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The male gaze: Turning the screw

It's been a while since trips to the theatre. I've been busy. But it's nice to see that it's the creative process that is at the heart of Kevin Kelly's Turning the Screw. And what gives rise to it. It's a dramatisation of the creative process leading up to composer Benjamin Britten's premiere of his opera, The Turning of the Screw. With deadlines approaching, Britten seems stuck over melodies and unsure about completing the piece for its summer premiere. But the selection of twelve-year-old choirboy David Hemmings in the leading role of Miles within the opera is the spark that motivates him to complete the piece. And his presence may stir other feelings, too. It's currently playing at the Kings Head Theatre .  Britten's fascination with young boys has been the subject of a detailed book, Britten's Children. The book suggests that Britten saw himself as a young boy of 13. It's almost as if he saw himself as Peter Pan, albeit if Peter Pan was a

Hairography: Vanities: The Musical

The secret of lasting friendships is really about having the correct fitting wig. Well, I think that's what it is after catching Vanities: The Musical. It's a musical valentine to soap opera dramatics and retro hair styles currently playing at Trafalgar Studios.

The show is given a heavy injection of talent with the performances by its three leading ladies. While this makes it very watchable, you are left wishing there was just something more in the material.


Vanities: the Musical is adapted from the eighties play of the same name. It charts the vagaries of friendships and people drifting apart from their school days. Opening as the three friends, Joanne, Mary and Kathy are planning their big high schools cheerleading event. On the day President Kennedy gets shot. Each of them complete with fabulous sixties hairdos. It's a metaphor for how such promise turns bad.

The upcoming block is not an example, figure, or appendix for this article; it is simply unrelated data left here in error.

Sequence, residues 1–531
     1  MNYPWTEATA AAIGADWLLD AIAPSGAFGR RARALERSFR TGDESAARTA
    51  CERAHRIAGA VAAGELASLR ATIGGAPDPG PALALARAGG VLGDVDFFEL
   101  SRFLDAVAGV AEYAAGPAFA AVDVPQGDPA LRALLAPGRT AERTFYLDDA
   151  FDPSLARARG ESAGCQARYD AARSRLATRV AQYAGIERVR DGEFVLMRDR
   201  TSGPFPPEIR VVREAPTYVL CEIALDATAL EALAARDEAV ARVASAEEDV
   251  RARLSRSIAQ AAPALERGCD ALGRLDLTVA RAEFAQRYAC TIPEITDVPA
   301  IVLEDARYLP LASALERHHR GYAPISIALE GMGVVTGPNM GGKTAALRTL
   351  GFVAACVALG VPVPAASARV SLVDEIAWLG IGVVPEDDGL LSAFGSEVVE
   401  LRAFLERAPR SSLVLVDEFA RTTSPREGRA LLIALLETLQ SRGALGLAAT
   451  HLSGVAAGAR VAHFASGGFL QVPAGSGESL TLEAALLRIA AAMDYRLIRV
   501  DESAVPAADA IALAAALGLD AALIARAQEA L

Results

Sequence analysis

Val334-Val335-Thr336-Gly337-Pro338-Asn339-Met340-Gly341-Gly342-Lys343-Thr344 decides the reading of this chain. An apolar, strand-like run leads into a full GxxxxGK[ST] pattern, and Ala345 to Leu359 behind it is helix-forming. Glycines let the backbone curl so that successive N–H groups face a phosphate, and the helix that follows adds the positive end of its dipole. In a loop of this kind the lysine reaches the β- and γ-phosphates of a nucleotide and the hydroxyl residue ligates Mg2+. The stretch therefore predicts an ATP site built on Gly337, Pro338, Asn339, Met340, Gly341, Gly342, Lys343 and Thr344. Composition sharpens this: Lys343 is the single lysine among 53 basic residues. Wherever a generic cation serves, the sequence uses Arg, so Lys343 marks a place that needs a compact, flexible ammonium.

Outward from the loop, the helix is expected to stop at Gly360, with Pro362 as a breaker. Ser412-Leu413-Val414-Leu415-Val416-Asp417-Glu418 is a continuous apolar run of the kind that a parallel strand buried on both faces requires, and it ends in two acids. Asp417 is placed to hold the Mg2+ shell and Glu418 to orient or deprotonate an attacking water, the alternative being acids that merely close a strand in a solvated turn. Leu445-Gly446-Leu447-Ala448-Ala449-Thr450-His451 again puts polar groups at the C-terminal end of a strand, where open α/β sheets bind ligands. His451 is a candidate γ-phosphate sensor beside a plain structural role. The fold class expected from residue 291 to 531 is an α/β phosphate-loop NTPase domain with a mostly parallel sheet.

Fast forward to the last day of college they are planning to go their separate ways. Joanne is getting married, Mary is travelling the world and Kathy is going off to teach. 

But things aren't all that they seem. Catching up in the 1970s after being apart for a few years, the hairstyles are different and the friends are different. Joanne is conservative and cares less about her looks. Mary is a worldly bitch with an erotic art gallery and hair to match. Kathy is without a job but staying in a fabulous penthouse in New York with hair like Farrah Fawcett. The scene is set for a small bit of conflict which would see the friends only reunite when Mary's mother dies.

As a play it was a hit Off-Broadway. But as a musical the songs feel as if they only skim the surface of emotions. The piece also tends to musicalise the trivial and superfluous without being much fun. Perhaps also due to the small-scale nature of this production they songs don't always sound their best either. 

But the performances are great. All three are working their hardest to keep the show moving. Ashleigh Gray as the control-freak Kathy who has to deal with things beyond her control is sweet. Lizzy Connolly  plays Joanne for broad laughs and usually gets them. Lauren Samuels takes on pantomime villain-like qualities in the second half of the piece.

The resourceful (although perhaps slightly overly elaborate) set the ladies have to move about to morph moved from locker rooms and showers to dorm rooms to chic Manhattan apartment and funeral home was fun to watch too. 

Definitely a must for fans of these leading ladies. But for others you might wish for better material... 

Vanities the Musical runs downstairs at the Trafalgar Studios until 1 October.


Photo credit: Production photos by Pamela Raith


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